Album Review: Dads – I’ll Be the Tornado

Poster boys for the emo revival, New Jersey two-piece Dads have achieved both critical acclaim and (relative) commercial success on the back of 2012’s ‘American Radass’ and last year’s ‘Pretty Good’ EP.

Now, John Bradley and Scott Scharinger are back, and their thoughts are trained very much on the larger questions in life; on identity, responsibility, loss and everything in between. Lyrically and thematically dense, ‘I’ll Be The Tornado’ is like a deconstructed American literature classic set to pounding drums, intricate guitars and hyper-personal lyrics and, while it doesn’t always work, it’s an exceptional piece of work.

What’s immediately evident, right from the moment you see the muted artwork, is that there’s a whole new sense of purpose – seriousness even – about how Dads are approaching things. Fortunately, the knockabout, ramshackle charm of ‘American Radass’ is still there, but it’s now only part of what Dads are bringing to the table. As a result ‘I’ll Be The Tornado’ is an album which has eyes very much above the scene from which they were birthed – and you get the sense that Dads could just be about to make the jump into the wider landscape.

It helps that ‘I’ll Be The Tornado’ gets off to the best possible start. ‘Grand Edge, MI’ is a wonderfully low-key affair for the first two minutes; a neurotic stream of consciousness which sets the lyrical tone for the album. By the time the pounding drums kick in you’re willing ‘I’ll Be The Tornado’ to be a huge success. The fact that the final lyrics are about the fear of dying alone just emphasises the themes Dads are working with – and it’s both poignant and highly effective.

It’s perhaps a bit of a departure from their previous sound, but musical growth can be seen throughout ‘I’ll Be The Tornado’. The maelstrom of guitar and drums is sufficiently tempered and the lyrics and vocals are really pushed to the fore, while they’re not afraid to play with tempo and structure. And, even when they cling to the past on the punk blasts of ‘Sold Year/Transitions’ and ’You Hold Back’ they sound re-energized and fully-focused. Played for laughs, it is not.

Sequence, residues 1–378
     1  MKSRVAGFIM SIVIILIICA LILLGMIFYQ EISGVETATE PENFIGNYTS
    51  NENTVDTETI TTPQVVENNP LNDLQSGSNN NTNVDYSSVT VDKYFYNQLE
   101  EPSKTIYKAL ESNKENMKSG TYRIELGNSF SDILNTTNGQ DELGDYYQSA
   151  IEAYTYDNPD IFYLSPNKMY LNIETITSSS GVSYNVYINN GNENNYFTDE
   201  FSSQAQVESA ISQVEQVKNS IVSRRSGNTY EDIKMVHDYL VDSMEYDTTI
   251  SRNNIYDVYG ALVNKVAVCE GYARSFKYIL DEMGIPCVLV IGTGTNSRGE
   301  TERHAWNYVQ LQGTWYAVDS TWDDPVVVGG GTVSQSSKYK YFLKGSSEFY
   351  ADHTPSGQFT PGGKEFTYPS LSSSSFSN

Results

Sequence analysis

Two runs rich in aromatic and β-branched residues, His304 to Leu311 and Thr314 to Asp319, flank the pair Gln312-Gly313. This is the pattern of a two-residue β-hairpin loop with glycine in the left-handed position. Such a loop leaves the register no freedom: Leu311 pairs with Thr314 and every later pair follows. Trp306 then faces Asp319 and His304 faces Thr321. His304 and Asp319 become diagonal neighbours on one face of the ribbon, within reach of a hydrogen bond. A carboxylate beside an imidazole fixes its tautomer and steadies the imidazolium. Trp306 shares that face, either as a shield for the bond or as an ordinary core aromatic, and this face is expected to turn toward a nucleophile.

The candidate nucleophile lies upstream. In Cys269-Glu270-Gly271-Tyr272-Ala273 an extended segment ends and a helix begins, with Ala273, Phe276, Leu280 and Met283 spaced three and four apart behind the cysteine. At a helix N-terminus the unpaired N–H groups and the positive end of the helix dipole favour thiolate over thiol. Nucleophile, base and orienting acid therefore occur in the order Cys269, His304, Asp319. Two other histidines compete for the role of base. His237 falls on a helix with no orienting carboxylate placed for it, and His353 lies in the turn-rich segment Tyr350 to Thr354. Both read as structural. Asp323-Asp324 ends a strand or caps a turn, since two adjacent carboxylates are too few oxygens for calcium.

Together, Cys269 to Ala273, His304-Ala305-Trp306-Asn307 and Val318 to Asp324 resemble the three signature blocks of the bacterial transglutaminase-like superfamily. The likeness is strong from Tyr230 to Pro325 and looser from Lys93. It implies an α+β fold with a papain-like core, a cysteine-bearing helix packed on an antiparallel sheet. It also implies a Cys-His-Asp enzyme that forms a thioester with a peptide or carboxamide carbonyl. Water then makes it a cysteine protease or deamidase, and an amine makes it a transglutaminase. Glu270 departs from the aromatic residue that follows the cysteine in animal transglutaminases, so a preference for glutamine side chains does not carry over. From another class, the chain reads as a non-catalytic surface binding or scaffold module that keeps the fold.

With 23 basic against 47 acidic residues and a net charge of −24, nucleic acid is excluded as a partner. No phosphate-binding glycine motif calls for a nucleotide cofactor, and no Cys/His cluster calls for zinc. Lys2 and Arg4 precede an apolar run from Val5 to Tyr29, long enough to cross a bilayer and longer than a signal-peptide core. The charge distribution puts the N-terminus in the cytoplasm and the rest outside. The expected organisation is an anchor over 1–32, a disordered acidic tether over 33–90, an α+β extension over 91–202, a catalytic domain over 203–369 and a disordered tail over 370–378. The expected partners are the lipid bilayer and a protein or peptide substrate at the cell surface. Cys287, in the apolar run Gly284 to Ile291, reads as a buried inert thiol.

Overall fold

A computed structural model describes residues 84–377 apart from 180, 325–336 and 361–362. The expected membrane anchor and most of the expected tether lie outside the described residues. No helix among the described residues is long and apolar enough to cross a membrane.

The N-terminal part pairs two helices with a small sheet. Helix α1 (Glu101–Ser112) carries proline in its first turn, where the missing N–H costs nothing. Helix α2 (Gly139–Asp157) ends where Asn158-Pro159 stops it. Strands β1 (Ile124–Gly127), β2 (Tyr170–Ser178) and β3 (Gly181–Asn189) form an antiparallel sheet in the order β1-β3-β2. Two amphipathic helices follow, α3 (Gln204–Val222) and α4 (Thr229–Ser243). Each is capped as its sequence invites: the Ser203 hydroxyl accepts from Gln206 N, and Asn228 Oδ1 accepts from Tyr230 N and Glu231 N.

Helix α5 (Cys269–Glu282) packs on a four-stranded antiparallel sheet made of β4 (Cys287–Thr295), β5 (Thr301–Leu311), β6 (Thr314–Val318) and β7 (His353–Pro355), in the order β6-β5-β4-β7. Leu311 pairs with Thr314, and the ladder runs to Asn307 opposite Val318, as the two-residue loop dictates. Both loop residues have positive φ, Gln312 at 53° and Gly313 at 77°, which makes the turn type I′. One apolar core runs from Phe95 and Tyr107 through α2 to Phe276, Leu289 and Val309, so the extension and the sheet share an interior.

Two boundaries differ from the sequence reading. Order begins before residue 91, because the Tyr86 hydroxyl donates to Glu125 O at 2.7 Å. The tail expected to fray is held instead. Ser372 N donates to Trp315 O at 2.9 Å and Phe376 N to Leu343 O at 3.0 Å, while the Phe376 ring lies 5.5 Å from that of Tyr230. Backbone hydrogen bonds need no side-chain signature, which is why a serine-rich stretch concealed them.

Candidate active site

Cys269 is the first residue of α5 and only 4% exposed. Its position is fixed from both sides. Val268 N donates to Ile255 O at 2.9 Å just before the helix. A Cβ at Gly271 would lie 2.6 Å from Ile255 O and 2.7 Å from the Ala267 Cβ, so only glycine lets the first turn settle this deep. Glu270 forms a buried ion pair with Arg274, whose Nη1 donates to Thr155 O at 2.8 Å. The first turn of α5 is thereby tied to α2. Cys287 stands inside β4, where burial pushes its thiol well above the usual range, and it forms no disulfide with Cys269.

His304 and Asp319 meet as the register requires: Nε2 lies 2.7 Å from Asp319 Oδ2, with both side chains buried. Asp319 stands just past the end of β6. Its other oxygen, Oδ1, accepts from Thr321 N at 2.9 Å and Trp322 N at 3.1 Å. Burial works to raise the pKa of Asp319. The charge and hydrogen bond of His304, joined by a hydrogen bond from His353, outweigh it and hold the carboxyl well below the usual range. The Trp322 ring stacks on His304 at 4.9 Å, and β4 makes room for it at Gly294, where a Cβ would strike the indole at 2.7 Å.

The highlight though is the sprawling, rhythmic and tempestuous ‘But’. It absolutely commands your attention and demands that you obsess over the lyrics. It’s beautifully written and expertly executed and just throbs and pulses with emotion. ‘Take Back Today’ is a close second, recalling the triumphant bluster of fellow two-piece Japandroids at their fuck-it-all best.

The beauty of ‘I’ll Be The Tornado’ is that Dads have managed to make a highly personal and emotive record which stands every chance of transcending the ‘emo’ tag. A more traditional rock’n’roll approach has certainly smoothed the edges – but in making the leap they’ve made one of the best comebacks of the year.

4/5

‘I’ll Be The Tornado’ by Dads is out now on 6131 Records.

Dads links: Twitter|Facebook

Words by Rob Mair (@BobNightMair)

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